Colored Gem Stones
What could be more tempting than a jewelry display packed with a rainbow of brightly colored gemstones? Go shopping and you'll see natural, synthetic, and imitation stones of every color, shape, and size. Can you tell one type of gemstone from another? Here are some tips to help you understand the differences so you can ask the right questions before you buy a colored gemstone.
Natural Colored Gemstones
Natural stones are courtesy of nature, with no interference from humans. Don't assume that just because it's natural a stone should carry a high price tag. Prices are driven by desirability, quality, and availability. A brilliantly colored ruby with "perfect" clarity will cost thousands of dollars more than a garnet of similar quality. Become acquainted with the gemstone market before you buy.
The traditional classification in the West, which goes back to the Ancient Greeks, begins with a distinction between precious and semi-precious stones; similar distinctions are made in other cultures. In modern usage the precious stones are diamond, ruby, sapphire and emerald, with all other gemstones being semi-precious.
This distinction is unscientific and reflects the rarity of the respective stones in ancient times, as well as their quality: all are translucent with fine color in their purest forms, except for the colorless diamond, and very hard, with hardness of 8-10 on the Mohs scale.
Other stones are classified by their color, translucency and hardness. The traditional distinction does not necessarily reflect modern values, for example, while garnets are relatively inexpensive, a green garnet called Tsavorite, can be far more valuable than a mid-quality emerald.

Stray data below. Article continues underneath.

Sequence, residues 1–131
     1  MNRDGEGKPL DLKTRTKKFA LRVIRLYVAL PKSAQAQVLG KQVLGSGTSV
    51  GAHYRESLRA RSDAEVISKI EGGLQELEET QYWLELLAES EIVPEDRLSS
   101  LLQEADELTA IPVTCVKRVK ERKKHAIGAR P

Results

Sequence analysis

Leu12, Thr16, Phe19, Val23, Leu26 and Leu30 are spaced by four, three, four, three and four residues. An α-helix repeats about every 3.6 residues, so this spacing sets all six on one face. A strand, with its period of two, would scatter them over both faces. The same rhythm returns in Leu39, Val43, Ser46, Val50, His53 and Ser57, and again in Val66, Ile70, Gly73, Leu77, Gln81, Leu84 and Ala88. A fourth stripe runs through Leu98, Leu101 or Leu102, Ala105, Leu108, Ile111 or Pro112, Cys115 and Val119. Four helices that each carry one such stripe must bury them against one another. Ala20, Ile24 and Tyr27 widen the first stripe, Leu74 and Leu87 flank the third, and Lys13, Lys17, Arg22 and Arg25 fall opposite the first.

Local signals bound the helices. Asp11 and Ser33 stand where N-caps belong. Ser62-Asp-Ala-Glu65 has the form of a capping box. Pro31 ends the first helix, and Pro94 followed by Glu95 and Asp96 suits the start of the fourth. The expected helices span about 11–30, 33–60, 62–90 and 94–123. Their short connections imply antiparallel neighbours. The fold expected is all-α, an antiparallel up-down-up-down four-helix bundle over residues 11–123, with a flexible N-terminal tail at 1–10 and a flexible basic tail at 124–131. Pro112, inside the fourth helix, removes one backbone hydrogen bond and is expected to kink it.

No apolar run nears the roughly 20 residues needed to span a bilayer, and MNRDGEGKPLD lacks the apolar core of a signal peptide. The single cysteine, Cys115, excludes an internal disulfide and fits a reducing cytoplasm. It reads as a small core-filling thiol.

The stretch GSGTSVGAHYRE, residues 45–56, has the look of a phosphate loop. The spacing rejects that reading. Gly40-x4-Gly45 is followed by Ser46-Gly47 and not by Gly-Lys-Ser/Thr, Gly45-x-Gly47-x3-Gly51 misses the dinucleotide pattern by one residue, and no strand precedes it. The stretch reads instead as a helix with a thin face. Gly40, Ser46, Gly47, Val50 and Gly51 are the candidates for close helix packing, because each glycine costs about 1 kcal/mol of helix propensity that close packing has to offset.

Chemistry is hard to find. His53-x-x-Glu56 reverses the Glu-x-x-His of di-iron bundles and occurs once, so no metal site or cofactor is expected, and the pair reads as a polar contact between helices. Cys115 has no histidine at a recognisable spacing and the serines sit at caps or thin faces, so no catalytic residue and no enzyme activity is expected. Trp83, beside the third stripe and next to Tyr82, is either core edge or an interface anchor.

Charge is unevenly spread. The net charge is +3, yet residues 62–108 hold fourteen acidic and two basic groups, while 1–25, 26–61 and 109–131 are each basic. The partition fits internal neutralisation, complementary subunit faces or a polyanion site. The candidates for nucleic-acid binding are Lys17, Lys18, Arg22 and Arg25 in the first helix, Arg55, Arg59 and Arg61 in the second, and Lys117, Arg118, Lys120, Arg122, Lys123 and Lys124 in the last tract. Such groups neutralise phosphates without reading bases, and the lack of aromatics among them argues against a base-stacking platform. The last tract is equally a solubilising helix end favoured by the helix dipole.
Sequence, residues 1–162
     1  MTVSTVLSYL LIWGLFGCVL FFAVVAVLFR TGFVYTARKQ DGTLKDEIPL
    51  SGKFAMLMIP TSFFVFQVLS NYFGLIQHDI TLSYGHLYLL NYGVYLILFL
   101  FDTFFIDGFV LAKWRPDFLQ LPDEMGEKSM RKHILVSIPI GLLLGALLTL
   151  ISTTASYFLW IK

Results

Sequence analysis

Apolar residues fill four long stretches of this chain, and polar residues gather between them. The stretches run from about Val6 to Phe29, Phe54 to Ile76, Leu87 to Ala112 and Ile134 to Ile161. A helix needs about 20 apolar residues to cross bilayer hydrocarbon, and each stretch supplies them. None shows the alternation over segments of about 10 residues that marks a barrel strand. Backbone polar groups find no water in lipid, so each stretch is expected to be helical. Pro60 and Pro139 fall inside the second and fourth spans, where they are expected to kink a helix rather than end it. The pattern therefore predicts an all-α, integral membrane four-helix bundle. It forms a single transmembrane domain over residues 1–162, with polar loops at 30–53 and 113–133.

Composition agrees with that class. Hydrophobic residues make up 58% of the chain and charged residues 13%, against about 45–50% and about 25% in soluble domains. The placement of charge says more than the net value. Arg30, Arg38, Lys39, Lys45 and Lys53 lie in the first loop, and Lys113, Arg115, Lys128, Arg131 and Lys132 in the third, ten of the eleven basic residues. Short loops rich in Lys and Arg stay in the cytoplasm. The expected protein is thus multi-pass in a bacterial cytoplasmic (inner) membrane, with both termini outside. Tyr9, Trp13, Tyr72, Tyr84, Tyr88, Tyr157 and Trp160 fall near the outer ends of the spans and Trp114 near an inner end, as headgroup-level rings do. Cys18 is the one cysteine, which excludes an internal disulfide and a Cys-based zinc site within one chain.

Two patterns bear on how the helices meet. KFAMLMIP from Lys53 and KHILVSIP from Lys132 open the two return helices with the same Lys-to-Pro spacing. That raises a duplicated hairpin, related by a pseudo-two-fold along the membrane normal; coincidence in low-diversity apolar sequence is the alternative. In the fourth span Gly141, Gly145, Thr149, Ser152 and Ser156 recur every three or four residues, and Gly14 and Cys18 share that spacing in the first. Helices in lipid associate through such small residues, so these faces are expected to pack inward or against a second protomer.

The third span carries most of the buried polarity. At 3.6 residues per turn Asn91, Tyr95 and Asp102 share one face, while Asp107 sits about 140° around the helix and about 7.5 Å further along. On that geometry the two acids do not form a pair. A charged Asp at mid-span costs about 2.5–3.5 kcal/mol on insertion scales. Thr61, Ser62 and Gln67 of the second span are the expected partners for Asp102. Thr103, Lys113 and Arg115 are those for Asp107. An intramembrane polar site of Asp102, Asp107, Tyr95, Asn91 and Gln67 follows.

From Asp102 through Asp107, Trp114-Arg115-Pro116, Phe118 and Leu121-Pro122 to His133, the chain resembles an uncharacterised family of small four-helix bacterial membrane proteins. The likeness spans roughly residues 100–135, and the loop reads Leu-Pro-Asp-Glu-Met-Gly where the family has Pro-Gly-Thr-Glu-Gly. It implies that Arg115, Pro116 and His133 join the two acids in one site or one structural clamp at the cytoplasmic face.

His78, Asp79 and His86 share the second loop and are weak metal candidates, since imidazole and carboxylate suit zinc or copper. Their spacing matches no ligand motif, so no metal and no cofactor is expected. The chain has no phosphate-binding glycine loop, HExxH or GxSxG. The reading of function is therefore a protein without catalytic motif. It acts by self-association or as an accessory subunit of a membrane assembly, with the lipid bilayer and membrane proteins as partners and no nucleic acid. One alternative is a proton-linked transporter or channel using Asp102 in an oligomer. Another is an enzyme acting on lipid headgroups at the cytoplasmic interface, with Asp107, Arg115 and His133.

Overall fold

In modern times gemstones are identified by gemologists, who describe gems and their characteristics using technical terminology specific to the field of gemology. The first characteristic a gemologist uses to identify a gemstone is its chemical composition. For example, diamonds are made of carbon (C) and rubies of aluminum oxide (Al2O3). Next, many gems are crystals which are classified by their crystal system such as cubic or trigonal or monoclinic. Another term used is habit, the form the gem is usually found in. For example diamonds, which have a cubic crystal system, are often found as octahedrons.
Gemstones are classified into different groups, species, and varieties. For example, ruby is the red variety of the species corundum, while any other color of corundum is considered sapphire. Emerald (green), aquamarine (blue), red beryl (red), goshenite (colorless), heliodor (yellow), and morganite (pink) are all varieties of the mineral species beryl.
Gems are characterized in terms of refractive index, dispersion, specific gravity, hardness, cleavage, fracture, and luster. They may exhibit pleochroism or double refraction. They may have luminescence and a distinctive absorption spectrum.
Material or flaws within a stone may be present as inclusions.
Most natural stones are treated to improve appearance. Heat and radiation change or enhance colors. Diffusion deepens color, but only within a stone's outer layers. Oil and waxes are used to fill-in surface-breaking fractures. Some treatments are permanent--others are not. Treated gems can be a good choice when you know what you are buying and pay a price that reflects a stone's true quality.
Synthetic Colored Gemstones
A synthetic stone shares a natural stone's physical, chemical, and optical qualities. The difference? Synthetics are created in a lab. They've been around for a long time, but modern technology allows us to grow stones that are difficult to distinguish from their natural counterparts. Ask for a lab certificate to verify authenticity before paying top dollar for a stone represented as natural.